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Q&A with Award-Winner Miriam Keeler

Have you been to The Art League Gallery yet to see this month’s all-media show and the solo show “Microcosms”? We’ll be bringing you interviews with the award winners from the September group show, starting with Miriam Keeler. The juror awarded the Shayna Heisman Simkin Award for best in show to Buona Fortuna, Miriam’s narrative, non-linear oil painting. We asked Miriam to tell us more about the piece and her work in general.

“Buona Fortuna” by Miriam Keeler.

How would you describe Buona Fortuna?
Miriam: My goal was a narrative painting in a contemporary and non-linear format.

What was the inspiration or motive behind the painting? Are specific places, people, or events depicted?
The painting was inspired by an experience my husband and I had several years ago in Italy. We made a wrong turn trying to get to our hotel in Florence, ending up in the dumpster/garbage area of a large very low-income high rise area. A Gypsy couple was busy dumpster diving, loading finds into their vehicle. We got out of our car to ask directions. Following the woman’s instructions, we ended up at our Florence hotel, where my husband quickly discovered that he did not have his wallet. There was no place it could be but back with the Gypsies. By what could only be a miracle we found our way back to the dumpsters—the couple was still there, although the husband was now sitting in their vehicle. When I asked her if they had seen the wallet she said no. For some reason I dropped to the ground and started crawling through the grass in a dramatic act of looking for the wallet. Before long she joined me crawling around looking.

After some minutes our eyes met and I asked her, “Do you think your husband could have picked up the wallet while you were busy ‘working’ at the dumpster?” Her eyes lit up, she went to their car and got in, and started shaking her fists at her husband and yelling at him. Before long he reached into his coat pocket and fished out the wallet. She brought it over to me. Overjoyed I opened it and commented on how happy I was that all of his ID documents were in the wallet, even though all of the money was gone. She asked me how much money there had been, returned to the car and started shaking her fists and yelling at her husband again. Little by little he fished into his pocket and pulled out Euro notes, until she had in hand the amount I had mentioned. She brought it over to me, I thanked her profusely, and we each went on our way. (I was helped by the fact that I could speak Italian.)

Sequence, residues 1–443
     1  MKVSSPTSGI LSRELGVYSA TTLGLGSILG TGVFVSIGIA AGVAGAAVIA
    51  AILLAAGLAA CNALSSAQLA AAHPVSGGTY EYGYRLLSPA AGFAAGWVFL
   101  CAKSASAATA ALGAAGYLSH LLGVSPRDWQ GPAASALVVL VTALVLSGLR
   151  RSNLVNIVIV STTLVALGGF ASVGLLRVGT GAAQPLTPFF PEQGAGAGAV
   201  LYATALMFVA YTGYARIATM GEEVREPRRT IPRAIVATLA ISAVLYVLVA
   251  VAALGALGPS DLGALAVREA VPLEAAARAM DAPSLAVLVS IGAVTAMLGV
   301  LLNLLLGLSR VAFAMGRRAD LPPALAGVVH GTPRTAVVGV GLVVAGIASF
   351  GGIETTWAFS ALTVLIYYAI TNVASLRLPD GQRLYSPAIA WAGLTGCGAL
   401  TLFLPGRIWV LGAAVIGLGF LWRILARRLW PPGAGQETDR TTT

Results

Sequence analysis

Do you have any thoughts on what it’s been like to start entering exhibits?
I started entering shows in earnest at the Art League last fall and have continued to enter pieces when I have them, assuming they fit in with the show theme. In my previous professional life I was a college professor and then a consultant in Washington with no thought of “doing art.” But after 10 years of effort, I am not really new to painting; just new to exhibiting my work. I was not particularly motivated to show my work in the past; it has turned out to be a lot of fun, much more enjoyable than I had imagined.

What draws you to painting and to oil paints? Do you work in other media?
I work in pastel and gouache, as well as oil. I enjoy the feel of oil and the wonderful colors.

How did you arrive at the painting style(s) used in this piece?
It just happened, although I’ve done a couple of other pieces in a similar style since. I was not thinking consciously about style as I painted. In the process of working on the canvas, ideas about how to handle various aspects of the story and the way or “style” of presenting it seemed to emerge together.

Is Buona Fortuna part of a series or ongoing project?
I do a lot of series, but this painting is a stand-alone.

What’s your creative process like?
I have lots and lots of ideas for paintings. Sometimes I make a few very loose sketches, but usually I just start painting, developing the composition, palette, etc. on the canvas as I proceed. I do not think my approach is the best way to proceed, but if I engage in heavy-duty planning I never get to painting.

What would you like the viewer to come away from the painting with?
You have to look at the painting and puzzle about it for a while if you don’t already know the story. I would like for the viewers to have a bit of enjoyable puzzlement, and perhaps a chuckle or two. Maybe they will never figure out what it is about, but that does not matter all that much.

The opening reception for the September exhibits is tonight, 6:30–8:00 pm, with awards presented at 7:30 pm. We hope to see you there! The September All-Media Exhibit and “Microcosms” run through October 1.

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